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CONCERN OVER RURAL CRIME GROWS

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Figures from the NFU Mutual's Countryside Survey reveal a rising crime wave in the countryside which reflects the ...
Figures from the NFU Mutual's Countryside Survey reveal a rising crime wave in the countryside which reflects the situation in Wales with a staggering 41% of respondents victims of theft or vandalism in the past three years, leaving rural communities quaking as thieves turn their attentions to the countryside.

The telephone survey conducted by NFU Mutual last month shows that the fear of rural crime is perceived to be a very real threat (97%), with half of those who live and work in the countryside extremely worried about being burgled this last year.

The most common rural crime is burglary (11%), followed by thefts from

farms (8%). Another soft target for thieves in the countryside are cars, caravans and tractors (7%) which are often parked out of sight from the house. Vandalism has also increased, with reports of cars left badly damaged that thieves have been unable to steal.

NFU Mutual's Underwriting manager, Sid Gibson says:

'This is having a terrible effect on many people. One in four said that the constant threat of crime has adversely affected their families health and lifestyle. Some people are now afraid to leave their houses and farms empty, if only to pop down to the local shop. Some say they are constantly worrying about being burgled and cannot sleep at night.'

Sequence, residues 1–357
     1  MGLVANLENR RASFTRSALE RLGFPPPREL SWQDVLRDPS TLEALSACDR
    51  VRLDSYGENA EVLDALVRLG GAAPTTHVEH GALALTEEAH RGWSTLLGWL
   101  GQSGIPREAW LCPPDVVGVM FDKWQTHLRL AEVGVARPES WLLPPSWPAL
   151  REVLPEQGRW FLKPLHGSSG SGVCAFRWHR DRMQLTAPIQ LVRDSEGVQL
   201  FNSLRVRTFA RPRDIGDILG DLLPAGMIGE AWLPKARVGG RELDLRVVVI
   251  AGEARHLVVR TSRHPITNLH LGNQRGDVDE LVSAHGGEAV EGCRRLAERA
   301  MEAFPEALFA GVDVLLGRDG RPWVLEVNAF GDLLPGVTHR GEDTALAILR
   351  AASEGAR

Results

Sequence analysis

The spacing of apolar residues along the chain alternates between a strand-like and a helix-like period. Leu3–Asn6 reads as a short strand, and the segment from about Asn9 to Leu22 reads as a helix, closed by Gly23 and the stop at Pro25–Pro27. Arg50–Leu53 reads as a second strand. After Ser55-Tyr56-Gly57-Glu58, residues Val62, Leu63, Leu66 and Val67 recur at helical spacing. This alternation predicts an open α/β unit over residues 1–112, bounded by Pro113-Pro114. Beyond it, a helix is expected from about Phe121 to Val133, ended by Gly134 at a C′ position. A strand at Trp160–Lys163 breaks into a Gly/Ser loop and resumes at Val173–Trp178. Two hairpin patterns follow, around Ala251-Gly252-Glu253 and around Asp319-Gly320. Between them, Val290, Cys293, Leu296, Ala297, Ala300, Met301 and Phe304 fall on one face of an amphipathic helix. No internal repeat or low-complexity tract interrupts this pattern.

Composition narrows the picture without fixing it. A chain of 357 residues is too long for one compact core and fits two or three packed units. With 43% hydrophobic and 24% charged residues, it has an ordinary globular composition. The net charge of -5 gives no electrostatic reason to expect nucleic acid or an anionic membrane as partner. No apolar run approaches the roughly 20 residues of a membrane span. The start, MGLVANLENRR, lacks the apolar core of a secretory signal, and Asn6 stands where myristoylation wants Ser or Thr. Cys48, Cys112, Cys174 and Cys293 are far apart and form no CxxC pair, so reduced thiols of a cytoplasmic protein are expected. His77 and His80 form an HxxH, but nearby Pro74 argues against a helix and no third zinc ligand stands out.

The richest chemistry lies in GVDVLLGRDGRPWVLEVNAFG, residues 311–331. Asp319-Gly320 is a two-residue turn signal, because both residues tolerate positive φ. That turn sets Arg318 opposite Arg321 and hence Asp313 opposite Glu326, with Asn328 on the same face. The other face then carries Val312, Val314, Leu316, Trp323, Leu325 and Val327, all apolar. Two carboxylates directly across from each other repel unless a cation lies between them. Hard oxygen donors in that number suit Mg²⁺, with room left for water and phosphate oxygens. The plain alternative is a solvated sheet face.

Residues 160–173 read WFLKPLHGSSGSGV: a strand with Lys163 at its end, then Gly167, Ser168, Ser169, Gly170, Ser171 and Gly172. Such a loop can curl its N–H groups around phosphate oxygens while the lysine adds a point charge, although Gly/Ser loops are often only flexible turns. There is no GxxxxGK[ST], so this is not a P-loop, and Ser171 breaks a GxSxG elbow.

Top of the list of concerns are the level of policing. Over 90% of

respondents thought rural policing could be improved and thought that more bobbies on the beat would help prevent the rash of rural crime.

'Increasingly, country dwellers are having to become more streetwise like their urban cousins and have taken measures to improve their security arrangements,' explains Mr Gibson.

The survey of 300 NFU Countryside members took place in July and was

carried out by independent research consultants Clive Moon Associates.

Basic security precautions recommended by NFU Mutual:

Vehicles

* Remove keys and secure cars, tractors, and other vehicles when they are left unattended

* Lock up tools and equipment out of sight

* Use security lighting in yards and drives

* Have the registration number etched on vehicle windows

Farms and businesses

* Record machinery serial numbers

* Mark livestock clearly and count them regularly

* Ensure computers are kept in well-secured buildings

Homes

* Consider installing a NACOSS approved burglar alarm

* Fit and use mortice deadlocks on doors - particularly final exits

* Fit and use window locks on all ground floor windows - and accessible first floor windows

Rise in home and business thefts marks shift in rural crime trends

NFU Mutual, the UK's leading rural insurer, reported a rise in burglaries from rural homes and businesses during 1999 as criminals shifted their attention away from farms.

The cost of theft from rural homes and businesses rose by six per cent in 1999. In contrast, the cost of equipment and vehicles stolen from farms fell by just under 12 per cent from£93m in 1998 to£82m in 1999.